I. Bifurcation of Discovery
    [2]Defendants argue that the trial court erred in requiring them to produce internal documents because there has not yet been a determination that the homeowners' policy issued by defendants provides coverage for plaintiff's claim.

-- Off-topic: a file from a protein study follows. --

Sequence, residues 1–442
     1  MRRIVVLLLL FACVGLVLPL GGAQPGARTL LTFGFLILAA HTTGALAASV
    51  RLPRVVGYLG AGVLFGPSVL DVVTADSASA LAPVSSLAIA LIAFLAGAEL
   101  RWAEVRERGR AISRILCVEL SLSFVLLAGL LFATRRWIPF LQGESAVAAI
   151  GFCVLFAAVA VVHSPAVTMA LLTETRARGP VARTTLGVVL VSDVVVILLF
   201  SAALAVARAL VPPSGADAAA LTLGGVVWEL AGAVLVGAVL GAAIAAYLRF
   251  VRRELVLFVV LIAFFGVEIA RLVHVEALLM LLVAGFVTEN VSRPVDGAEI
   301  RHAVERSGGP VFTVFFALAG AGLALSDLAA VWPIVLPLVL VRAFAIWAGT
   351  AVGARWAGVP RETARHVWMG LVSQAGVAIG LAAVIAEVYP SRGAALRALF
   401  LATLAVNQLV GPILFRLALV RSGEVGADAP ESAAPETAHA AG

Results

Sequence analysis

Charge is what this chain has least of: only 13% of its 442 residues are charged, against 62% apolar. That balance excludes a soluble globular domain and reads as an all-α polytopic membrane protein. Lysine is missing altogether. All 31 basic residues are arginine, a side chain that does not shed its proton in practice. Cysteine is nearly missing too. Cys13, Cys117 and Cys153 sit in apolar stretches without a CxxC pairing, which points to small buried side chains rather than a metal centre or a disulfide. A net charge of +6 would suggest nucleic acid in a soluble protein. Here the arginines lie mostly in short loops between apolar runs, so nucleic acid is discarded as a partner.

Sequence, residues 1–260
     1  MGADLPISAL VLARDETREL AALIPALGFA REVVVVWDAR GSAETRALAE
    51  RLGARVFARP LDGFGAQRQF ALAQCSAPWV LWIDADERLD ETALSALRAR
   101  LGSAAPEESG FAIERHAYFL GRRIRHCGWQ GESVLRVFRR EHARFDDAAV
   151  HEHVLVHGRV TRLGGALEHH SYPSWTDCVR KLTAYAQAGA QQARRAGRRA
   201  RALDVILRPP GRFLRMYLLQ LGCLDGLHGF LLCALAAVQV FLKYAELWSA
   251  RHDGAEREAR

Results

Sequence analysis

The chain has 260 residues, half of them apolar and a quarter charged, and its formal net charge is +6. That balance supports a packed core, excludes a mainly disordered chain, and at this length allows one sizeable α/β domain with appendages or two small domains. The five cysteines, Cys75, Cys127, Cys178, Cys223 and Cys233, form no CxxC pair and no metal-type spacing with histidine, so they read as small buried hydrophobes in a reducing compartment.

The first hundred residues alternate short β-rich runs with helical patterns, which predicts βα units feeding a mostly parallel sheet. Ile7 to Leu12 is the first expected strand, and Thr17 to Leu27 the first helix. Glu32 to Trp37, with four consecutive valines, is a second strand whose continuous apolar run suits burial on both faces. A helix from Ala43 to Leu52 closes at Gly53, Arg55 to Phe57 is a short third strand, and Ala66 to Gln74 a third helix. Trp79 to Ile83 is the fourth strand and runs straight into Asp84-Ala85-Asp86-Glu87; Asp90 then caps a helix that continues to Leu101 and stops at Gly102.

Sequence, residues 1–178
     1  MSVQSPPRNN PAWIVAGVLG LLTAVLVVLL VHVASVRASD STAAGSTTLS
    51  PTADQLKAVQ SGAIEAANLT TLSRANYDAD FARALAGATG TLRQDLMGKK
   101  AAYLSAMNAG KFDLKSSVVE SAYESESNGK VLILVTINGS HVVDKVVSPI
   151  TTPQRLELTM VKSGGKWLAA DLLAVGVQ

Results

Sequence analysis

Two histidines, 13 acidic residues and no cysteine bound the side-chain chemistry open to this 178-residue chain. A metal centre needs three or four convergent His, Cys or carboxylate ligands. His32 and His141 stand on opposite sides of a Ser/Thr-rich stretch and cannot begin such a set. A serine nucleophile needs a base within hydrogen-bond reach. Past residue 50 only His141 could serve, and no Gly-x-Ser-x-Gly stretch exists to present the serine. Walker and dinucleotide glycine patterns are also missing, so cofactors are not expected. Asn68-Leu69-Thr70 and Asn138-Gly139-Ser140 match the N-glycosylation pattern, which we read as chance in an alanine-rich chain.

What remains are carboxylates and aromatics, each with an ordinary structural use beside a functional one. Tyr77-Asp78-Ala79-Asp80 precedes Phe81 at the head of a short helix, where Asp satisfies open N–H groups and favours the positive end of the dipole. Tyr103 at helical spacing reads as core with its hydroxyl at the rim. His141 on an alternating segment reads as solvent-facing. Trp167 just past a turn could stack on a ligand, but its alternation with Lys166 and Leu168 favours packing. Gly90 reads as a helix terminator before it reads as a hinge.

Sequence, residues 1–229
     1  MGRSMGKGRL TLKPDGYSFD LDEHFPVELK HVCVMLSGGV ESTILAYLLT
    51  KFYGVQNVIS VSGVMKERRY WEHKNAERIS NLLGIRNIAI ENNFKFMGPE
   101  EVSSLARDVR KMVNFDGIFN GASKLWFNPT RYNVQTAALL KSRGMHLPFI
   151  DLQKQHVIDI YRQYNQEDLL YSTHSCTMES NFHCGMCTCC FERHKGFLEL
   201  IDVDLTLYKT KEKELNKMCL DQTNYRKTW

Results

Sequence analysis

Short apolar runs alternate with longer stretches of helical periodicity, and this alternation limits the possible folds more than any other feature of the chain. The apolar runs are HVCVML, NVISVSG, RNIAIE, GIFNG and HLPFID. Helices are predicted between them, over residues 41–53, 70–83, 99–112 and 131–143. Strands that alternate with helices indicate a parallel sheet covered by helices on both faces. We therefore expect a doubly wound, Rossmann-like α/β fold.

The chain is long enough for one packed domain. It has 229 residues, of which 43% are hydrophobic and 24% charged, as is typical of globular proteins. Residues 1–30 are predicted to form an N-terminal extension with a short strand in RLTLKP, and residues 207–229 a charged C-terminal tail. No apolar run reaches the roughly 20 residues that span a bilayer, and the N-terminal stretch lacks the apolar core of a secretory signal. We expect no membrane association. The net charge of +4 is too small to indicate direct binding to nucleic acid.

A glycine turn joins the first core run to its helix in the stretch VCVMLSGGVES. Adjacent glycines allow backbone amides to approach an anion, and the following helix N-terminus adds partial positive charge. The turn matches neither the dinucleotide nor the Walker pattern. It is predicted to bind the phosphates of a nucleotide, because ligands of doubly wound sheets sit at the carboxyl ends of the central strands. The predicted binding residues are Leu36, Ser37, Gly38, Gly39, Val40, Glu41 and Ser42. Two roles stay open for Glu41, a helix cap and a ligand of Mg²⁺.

We are aware that the appellate courts in several of our sister states have held that a plaintiff is not entitled to discover internal documents generated by an insurer until the plaintiff proves that there is coverage under the policy. See, for example, Bartlett v. John Hancock Mut. L. Ins. Co., 538 A.2d 997, 1000-01 (R.I. 1988); and Allstate Ins. Co. v. Swanson, 506 So. 2d 497, 498 (Fla. Dist. Ct. App. 1987). The Federal District Court of Montana has also held that the coverage question must be resolved in favor of the plaintiff before the defendant insurer may be required to produce its claims file. In re Bergeson, 112 F.R.D. 692, 697 (D. Mont. 1986). In a similar factual setting, however, the Federal District Court for the Middle District of NorthCarolina denied the defendant's motion to bifurcate coverage and bad faith claims for discovery purposes, holding that it is "better to require that the discovery of the underlying contract claim and the bad faith claim proceed at the same time . . . ." Ring v. Commercial Union Ins. Co., 159 F.R.D. 653, 658 (M.D.N.C. 1995).